What Alabama school kids take home from the inaugural
They revel in the magnitude and minutiae of a historic moment – clasped hands and fluttering flags, soaring rhetoric and rainbow-hued crowds.
Last of a three-part series on a school’s journey from Selma, Ala. Part 1, Knox Elementary goes to Washington for the inauguration, ran on Thursday. Part 2, One family's road to history, ran Tuesday.
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Brenton Sanders will always remember the import of the moment – both the poignancy and enormity of the first African-American taking the oath of office. But he will be carrying home something else as well: the civility and kindness of the throng of nearly 2 million people braving brisk temperatures to witness a piece of history.
The 16-year-old African-American from Selma, Ala., didn’t expect to see crowds of whites and blacks standing shoulder to shoulder, smiling, happy. He didn’t expect them to even look him in the eyes, let alone say, “Excuse me.” To him, the chemistry of the crowd may have been as much of an affirmation of the spirit of the moment as what was being expressed on the bunting-bedecked terrace a long – very long – distance in front of him.
“I think things are going to get a lot better,” he says with a blend of conviction and hope.
Brenton’s memories of the historic time on the National Mall are echoed by many of the adults and students from Selma who journeyed to the nation’s capital to see the swearing in of Barack Obama as the 44th president.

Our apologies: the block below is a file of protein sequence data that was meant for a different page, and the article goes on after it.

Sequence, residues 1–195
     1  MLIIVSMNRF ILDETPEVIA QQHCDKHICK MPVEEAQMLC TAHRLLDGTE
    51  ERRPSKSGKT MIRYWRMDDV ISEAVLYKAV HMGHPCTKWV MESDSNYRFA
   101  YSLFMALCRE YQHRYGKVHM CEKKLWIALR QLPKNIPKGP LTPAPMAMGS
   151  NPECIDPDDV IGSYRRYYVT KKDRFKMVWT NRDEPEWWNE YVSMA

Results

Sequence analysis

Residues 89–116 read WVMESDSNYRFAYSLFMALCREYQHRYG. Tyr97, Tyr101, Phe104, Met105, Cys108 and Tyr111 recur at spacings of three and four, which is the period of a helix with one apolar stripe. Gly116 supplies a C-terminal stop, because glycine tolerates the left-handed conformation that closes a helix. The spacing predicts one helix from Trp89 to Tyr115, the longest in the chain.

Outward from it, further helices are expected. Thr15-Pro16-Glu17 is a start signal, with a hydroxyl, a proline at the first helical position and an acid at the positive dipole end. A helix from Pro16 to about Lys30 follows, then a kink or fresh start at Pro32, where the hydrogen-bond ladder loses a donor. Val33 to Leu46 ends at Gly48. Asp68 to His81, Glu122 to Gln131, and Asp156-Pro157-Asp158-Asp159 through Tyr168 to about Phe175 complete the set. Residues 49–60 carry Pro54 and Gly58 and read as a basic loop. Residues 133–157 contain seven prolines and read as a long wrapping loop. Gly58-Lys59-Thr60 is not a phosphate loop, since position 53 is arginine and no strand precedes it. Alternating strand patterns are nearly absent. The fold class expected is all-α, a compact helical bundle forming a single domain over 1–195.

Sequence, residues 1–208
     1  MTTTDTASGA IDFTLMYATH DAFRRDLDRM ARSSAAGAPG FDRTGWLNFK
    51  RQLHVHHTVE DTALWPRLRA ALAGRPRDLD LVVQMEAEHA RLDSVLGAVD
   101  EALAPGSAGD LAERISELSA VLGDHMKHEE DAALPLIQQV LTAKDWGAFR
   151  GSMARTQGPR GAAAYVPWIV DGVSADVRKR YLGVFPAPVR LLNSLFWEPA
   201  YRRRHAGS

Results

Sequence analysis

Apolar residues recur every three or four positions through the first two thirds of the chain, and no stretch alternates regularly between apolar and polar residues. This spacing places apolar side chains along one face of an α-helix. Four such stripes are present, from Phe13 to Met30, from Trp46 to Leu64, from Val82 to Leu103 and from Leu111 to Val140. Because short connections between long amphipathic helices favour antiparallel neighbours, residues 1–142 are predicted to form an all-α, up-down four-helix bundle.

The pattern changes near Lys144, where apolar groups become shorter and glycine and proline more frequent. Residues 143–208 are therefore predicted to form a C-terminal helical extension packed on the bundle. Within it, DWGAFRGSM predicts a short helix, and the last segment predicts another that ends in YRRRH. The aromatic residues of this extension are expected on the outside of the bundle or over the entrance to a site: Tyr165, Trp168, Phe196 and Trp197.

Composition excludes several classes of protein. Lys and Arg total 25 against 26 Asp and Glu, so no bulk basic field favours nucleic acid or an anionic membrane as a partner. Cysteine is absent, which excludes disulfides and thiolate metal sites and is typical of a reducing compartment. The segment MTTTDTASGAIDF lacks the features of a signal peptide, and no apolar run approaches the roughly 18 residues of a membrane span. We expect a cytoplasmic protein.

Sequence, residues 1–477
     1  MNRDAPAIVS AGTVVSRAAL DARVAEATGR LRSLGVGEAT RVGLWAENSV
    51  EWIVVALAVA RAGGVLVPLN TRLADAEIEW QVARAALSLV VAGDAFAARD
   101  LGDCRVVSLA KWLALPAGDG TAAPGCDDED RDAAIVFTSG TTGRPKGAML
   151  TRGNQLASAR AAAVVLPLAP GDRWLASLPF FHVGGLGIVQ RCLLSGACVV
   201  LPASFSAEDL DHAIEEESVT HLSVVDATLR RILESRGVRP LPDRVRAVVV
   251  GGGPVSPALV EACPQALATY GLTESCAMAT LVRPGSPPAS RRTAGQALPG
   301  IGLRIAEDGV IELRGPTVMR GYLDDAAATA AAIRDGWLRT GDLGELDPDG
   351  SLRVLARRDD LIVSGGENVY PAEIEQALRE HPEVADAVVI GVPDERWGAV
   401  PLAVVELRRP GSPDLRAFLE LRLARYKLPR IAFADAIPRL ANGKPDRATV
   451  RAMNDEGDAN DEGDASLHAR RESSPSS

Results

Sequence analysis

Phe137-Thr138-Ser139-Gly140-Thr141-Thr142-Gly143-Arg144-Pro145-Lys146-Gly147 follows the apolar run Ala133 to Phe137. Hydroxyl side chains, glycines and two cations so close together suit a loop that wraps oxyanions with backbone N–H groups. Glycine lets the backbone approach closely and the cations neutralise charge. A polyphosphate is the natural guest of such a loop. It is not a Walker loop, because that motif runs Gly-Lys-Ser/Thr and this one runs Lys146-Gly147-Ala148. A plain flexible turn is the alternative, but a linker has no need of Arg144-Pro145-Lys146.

Every generation has its defining moments, ones that elicit the refrain, “Where were you when...,” whether it was Martin Luther King Jr.’s speech in Washington, or the first moon walk, or 9/11. For the students of Knox Elementary, this will be one of theirs, even though many of them aren’t yet fully aware of it.
Yet as they head home, they are reveling in the minutiae of the event even while working through its magnitude – a time of benumbed fingers and soaring rhetoric, of long bus rides and mass brotherhood.
“I’m not going to say I had fun,” says Tamira Bolden, 16. “But it was the best experience ever, if that makes sense.”
The adults knew it would be a life-changing experience. Few of Knox Elementary’s children had ever strayed beyond the perimeter of Selma. For most, Washington, D.C., was a strange, exotic place. They knew the president lived there. They could identify the White House – sort of. They had heard of the National Mall, though they weren’t quite certain of its purpose – park or shopping center?
Yet they could tell you all about the man about to be sworn in as president, from his children’s names to the dog breeds he’d considered adopting as primoris canis. Barack Obama was very real to them, and they were excited to see his inauguration, whether it happened outside among bicyclists and joggers, or inside between Sears and J.C. Penney.
They expected to leave with Obama buttons and pennants, or perhaps one of the dozens of “I Was There” T-shirts. But no one, not even Knox principal Joslyn Reddick, could have anticipated the overwhelming surge of hope and patriotic pride the 43 students and parents are carrying back to Alabama. Ms. Reddick spent almost a year planning this trip, gathering donations and trip agendas, worrying and praying over her young charges.